Congratulations to the Pima Academy Class 15-01!!
I have so much to write about now that we’re finished with academy.
Last night was something new…
Our instructor told us to grab air packs, head up to the tower’s 2nd floor, don our gear, then head up to the 4th floor.I’ve never been in the room on the 4th floor of the tower, so I didn’t know what we were in for.
As I’ve mentioned previously, I’m attending an academy run by Pima public safety & emergency services institute, developed in close association with all of the southern Arizona fire agencies.
The training instructor is Captain Jeff Backherms from Tucson Fire. Everyone I’ve ever talked to about this program confidently states that he is an incredible instructor and that he’s built a top-notch program at Pima. Apparently the numbers back up those claims. The Pima institute has a great track record for certification and produces top-notch recruits.
With all of that being said, (and what feels like my entire life on the line) I was extremely nervous to begin. God says not to be anxious about anything. I hear that…. I have a hard time obeying that. I’m nervous about my ability to keep up with all of the kids, nervous about letting my family down, and nervous about letting myself down.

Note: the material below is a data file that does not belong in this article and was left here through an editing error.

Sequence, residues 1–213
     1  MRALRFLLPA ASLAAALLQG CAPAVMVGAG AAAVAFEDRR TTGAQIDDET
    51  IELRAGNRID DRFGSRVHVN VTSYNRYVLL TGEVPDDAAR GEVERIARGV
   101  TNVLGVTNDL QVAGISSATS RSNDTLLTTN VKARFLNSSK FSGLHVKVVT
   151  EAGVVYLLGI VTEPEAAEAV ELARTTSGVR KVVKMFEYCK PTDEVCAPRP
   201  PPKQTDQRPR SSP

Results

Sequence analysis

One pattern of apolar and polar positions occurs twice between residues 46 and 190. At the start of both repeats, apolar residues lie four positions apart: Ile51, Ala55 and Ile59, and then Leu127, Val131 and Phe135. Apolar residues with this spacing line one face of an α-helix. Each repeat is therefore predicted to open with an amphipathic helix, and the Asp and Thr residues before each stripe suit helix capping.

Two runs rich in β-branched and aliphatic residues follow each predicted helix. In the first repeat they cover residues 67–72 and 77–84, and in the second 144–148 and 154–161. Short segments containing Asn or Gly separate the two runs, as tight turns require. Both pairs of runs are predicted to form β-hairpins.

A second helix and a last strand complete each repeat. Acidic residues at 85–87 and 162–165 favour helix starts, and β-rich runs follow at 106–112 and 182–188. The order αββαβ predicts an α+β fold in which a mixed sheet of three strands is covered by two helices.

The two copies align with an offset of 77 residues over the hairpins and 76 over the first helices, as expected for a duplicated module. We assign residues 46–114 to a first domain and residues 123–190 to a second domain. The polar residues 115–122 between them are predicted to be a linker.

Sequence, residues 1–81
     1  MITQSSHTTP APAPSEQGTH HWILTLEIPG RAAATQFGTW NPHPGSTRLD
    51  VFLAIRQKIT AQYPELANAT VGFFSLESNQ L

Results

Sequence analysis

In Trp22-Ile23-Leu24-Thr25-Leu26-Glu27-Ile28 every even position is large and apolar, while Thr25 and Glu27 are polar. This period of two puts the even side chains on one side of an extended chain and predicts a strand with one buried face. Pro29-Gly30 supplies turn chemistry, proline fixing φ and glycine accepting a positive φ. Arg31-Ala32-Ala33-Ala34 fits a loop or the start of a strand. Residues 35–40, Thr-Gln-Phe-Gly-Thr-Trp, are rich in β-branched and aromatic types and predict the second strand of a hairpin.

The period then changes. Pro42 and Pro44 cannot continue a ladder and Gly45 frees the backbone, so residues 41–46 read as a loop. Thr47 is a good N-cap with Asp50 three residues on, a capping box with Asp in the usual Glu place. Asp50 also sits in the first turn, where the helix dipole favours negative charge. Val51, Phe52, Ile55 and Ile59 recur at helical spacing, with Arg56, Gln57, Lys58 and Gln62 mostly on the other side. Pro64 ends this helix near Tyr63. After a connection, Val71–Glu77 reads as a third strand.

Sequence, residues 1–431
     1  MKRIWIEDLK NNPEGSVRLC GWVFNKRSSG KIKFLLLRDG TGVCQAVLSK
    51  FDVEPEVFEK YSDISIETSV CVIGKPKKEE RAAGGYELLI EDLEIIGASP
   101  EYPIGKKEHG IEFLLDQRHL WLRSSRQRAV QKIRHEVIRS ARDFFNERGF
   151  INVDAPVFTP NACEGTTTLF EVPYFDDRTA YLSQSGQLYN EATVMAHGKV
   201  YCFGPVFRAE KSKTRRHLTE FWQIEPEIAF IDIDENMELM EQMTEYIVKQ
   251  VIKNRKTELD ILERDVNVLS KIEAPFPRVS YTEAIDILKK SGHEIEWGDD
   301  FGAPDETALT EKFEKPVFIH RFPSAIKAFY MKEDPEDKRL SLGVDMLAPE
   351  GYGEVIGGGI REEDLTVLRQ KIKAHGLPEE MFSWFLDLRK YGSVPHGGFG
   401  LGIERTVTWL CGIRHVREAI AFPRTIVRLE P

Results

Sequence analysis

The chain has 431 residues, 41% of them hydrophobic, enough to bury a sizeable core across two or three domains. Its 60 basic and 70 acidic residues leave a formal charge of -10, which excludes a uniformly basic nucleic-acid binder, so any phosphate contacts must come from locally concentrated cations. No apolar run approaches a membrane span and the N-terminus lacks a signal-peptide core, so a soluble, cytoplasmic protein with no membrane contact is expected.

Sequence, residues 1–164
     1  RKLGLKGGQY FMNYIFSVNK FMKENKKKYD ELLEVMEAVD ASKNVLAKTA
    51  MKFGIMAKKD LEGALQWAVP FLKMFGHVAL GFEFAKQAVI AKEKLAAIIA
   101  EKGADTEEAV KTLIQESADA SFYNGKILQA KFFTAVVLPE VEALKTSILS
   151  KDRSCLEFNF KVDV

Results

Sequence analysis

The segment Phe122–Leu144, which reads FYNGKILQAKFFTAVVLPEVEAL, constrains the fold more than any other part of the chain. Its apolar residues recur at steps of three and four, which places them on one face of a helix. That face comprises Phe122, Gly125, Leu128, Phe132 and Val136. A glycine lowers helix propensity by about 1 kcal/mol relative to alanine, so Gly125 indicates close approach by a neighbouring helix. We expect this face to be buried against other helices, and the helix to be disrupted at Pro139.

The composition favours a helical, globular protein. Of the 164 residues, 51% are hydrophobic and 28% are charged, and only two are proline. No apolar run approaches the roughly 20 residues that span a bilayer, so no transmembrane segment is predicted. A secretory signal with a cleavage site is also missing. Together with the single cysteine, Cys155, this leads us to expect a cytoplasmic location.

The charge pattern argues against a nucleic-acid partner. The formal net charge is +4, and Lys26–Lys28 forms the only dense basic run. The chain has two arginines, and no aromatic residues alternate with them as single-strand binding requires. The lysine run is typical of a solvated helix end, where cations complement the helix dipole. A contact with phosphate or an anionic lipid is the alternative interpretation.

The safety institute is a shared training ground. It’s shared between fire classes and law enforcement classes. From on-the-job to community college. It’s fairly remote and seems like a great facility.
I drove out to the grounds about 75 minutes before class was to begin. I expected a 30-40 minute drive with no traffic, so I wanted to give myself some wiggle room. I arrived with a little over 30 minutes to spare. I had snuck a peek at last semester’s syllabus, and had googled up (credit to my lovely Mrs for “googling up”) some maps of the facility so I knew where to go.
I was the fourth or fifth to arrive, and a few of us greeted each other, but we largely sat in a nervous silence. As time went on more and more students trickled in. By the time class began, we had 29 of the 32 or so I expected from orientation. I think one recruit was sick though.
The Captain began the class and gave a brief overview of himself. He seems like a nice and fair man. Like he said though, this is serious business, and it was very obvious that he takes this very seriously and wouldn’t suffer any fools. Noted 🙂
This is a Monday/Wednesday evening class, and the class is split in half for a weekend day. I landed in the Saturday group. For the next couple of Saturdays the entire class will meet, and then we’ll begin splitting up later next month.